I honestly can’t remember the last time I reviewed a pair of loudspeakers. It was almost certainly a decade ago - probably more. Why? The main reason is purely practical. I’ve lived happily for the best part of twenty years with a set of Impulse H-1 horns. They’re pretty big, and not easy to move. So – with space at a premium – it’s not been easy to accommodate extra speakers for review purposes. But, there are other reasons. When you live with a pair of big speakers, and get used to the way they do things, it’s hard to go over to something smaller (however good) without feeling a wee bit disappointed. There’s a distinct difference between the size and scale of sound produced by small speakers and larger ones. It’s a different quality of sound. Once you get used to a bigger speaker, it’s hard to downsize… Although some good small speakers seem to punch well above their weight, to me they’re always flattering to deceive - creating an impression of scale and weight by forcefulness and aggression. You have to play the music loud to get it to fill the room. And while this can be quite impressive in one sense, it’s worlds away from a big speaker that effortlessly fills the room, even when the music’s quiet.
Actually, to be fair, we’re talking degrees here. All speakers flatter to deceive. No speaker can fully recreate the massive breadth and scale of (say) a large orchestra and chorus in a big hall. The apparent recreation of vast forces in your living room is an illusion – an acoustic con trick. But some speakers are better liars than others. And big efficient speakers are invariably more convincing than smaller less efficient types.
Aspara Acoustics are Brian Taylor and Julius Hyde, the team responsible for the original Impulse H-1. So there’s a certain kinship between my old speakers and this new design. Although Brian and Julius have generally designed fairly large and ambitious loudspeakers, they wanted to see if they could come up with something smaller and cheaper without sacrificing too many of the qualities that distinguish their bigger nocompromise designs.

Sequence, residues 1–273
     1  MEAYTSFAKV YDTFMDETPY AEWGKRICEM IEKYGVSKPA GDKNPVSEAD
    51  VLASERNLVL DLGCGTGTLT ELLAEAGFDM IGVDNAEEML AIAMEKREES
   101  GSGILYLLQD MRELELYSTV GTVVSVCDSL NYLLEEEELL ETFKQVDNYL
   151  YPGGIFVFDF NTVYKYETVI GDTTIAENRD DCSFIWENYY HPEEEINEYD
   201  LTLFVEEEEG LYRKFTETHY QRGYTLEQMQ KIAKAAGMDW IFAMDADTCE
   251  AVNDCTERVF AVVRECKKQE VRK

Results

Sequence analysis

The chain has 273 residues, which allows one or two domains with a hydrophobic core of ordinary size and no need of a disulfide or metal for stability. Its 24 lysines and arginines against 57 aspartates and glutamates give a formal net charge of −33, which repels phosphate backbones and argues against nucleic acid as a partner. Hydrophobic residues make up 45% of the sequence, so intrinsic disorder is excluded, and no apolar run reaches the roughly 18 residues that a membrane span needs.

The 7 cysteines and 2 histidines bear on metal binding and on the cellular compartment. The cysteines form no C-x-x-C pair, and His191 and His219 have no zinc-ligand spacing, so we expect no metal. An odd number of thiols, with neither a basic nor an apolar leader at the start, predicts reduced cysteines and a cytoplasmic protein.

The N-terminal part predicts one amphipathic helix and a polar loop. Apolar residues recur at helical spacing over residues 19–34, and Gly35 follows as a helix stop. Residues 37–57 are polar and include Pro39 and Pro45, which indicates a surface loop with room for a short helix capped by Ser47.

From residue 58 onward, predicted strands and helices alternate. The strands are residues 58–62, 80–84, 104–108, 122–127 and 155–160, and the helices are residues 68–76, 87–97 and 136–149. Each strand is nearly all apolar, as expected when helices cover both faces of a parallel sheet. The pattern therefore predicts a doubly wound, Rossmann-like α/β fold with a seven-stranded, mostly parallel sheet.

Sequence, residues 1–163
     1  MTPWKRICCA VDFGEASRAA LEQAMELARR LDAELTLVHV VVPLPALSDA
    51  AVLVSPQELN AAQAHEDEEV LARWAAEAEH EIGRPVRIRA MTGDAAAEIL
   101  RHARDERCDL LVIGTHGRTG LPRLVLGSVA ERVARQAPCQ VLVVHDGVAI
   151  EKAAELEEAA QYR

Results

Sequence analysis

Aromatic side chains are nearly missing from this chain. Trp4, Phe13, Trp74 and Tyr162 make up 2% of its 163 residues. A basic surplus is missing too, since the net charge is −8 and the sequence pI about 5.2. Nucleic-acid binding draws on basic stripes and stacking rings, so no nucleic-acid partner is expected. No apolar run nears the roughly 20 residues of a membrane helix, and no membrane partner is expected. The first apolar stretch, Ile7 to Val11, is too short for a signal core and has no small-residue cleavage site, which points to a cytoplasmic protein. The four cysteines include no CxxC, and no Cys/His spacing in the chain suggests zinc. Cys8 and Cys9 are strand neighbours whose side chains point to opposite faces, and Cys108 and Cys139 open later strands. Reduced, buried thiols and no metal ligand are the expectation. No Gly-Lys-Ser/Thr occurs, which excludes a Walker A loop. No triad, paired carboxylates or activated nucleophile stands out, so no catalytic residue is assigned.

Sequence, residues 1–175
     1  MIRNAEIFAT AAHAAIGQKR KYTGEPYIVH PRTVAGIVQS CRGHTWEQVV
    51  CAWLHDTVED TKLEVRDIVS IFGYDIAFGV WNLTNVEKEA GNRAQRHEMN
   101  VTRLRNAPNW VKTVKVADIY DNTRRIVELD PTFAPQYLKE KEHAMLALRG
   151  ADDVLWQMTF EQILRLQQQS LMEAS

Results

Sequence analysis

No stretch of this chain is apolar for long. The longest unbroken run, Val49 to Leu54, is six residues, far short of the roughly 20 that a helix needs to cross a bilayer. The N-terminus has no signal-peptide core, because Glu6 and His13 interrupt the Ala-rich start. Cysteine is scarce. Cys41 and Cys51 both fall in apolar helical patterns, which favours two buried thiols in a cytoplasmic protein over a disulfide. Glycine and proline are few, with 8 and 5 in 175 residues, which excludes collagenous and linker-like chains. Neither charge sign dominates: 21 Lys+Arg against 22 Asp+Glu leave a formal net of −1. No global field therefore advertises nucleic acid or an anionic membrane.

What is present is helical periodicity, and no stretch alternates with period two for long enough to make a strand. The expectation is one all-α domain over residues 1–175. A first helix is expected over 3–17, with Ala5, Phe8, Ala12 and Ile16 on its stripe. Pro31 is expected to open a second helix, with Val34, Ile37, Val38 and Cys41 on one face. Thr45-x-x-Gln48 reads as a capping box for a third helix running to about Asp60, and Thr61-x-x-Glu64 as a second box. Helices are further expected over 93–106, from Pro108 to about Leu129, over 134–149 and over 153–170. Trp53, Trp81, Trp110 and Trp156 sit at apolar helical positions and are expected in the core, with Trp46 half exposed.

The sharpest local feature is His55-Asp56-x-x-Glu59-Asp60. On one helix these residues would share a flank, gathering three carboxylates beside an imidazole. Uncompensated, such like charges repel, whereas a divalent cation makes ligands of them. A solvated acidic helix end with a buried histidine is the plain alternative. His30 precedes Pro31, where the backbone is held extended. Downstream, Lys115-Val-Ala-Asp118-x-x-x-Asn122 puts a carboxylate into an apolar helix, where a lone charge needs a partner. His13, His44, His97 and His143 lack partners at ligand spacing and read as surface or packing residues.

The HL-2 is a diminutive floorstander. It’s approximately 1/6th the cubic capacity of the H-1 - almost as tall, but much less wide and deep. The bass loading is unusual, and might best be described as a Ported Pipe. Basically it’s a Port with an exponential opening. Apparently, Brian got the idea from reading an old loudspeaker book by the legendary Gilbert Briggs, founder of Wharfedale. However, it seems the great man himself never actually designed any loudspeakers making use of the principle, preferring instead other more familiar forms of loading. Anyway, Brian liked the Ported Pipe idea in principle, and was intrigued to see if it could be made to work. He was pleased with the results when he experimented with the early prototypes.
The HL-2 employs two drive units – a SEAS ferrofluiddamped softdome tweeter, and a 5in diameter doped paper cone Bass/Mid driver. The speaker offers medium levels of efficiency (about 92dB @ 1m and 1W), and the crossover has been designed to present amplifiers with a simple, easy-to-drive load. The makers claim satisfactory results can be achieved with good tube amplifiers having an output of just 10-15W, providing you’re not looking to shake the walls or rattle the rafters.
The cabinet is made from 1in thick Oak veneered plywood, with a one inch thick solid oak front baffle. This solid baffle is attached to the ply cabinet front, making the whole thing around two inches thick. The baffle itself is slightly wider than the cabinet. Possibly this was done for purely aesthetic reasons, but in my experience it affects dispersion and actually helps improve stereo imaging. Oakwood is the only finish offered, albeit in a choice of Light, Medium, or Dark. Styling is simple and functional, and there is no grille to cover the drive units. A single set of gold-plated 4mm terminals can be found on the back of the speaker. Inside, is a simple hard-wired crossover laced using cryogenically frozen solid core cable. There is some internal wadding in the port (pipe?), and the walls are lined with Deflex polymer panels to control unwanted reflections and resonances. The tapered port exits on one side of the enclosure, and it’s recommended that you have the ports facing each other – in other works, pointing inwards. The makers recommend placing the speakers about 18ins from rear and sidewalls, but say this isn’t ultra critical. First impressions were of an open, lively sound that was crisp and quite forward. Efficiency is similar to that of the H1, but after the bigger speaker there was (inevitably) some loss of scale and fullness. The soundstage had shrunk somewhat, with voices and instruments sounding ‘smaller’. The HL-2 has quite good bass for its size, but it cannot match the breathy voluminous bottom end of the H-1. On a more positive note, I was immediately taken with the HL-2’s integration and homogeneity. The tonal balance is bright and lively (in the best sense) but there’s no hint of discontinuity – the sound has a totally seamless quality from high treble, through to the midrange and bass. Even when sat quite close to the speakers, you can’t ‘hear’ the individual drive units. There’s no break in the response – no part of the frequency range that obtrudes.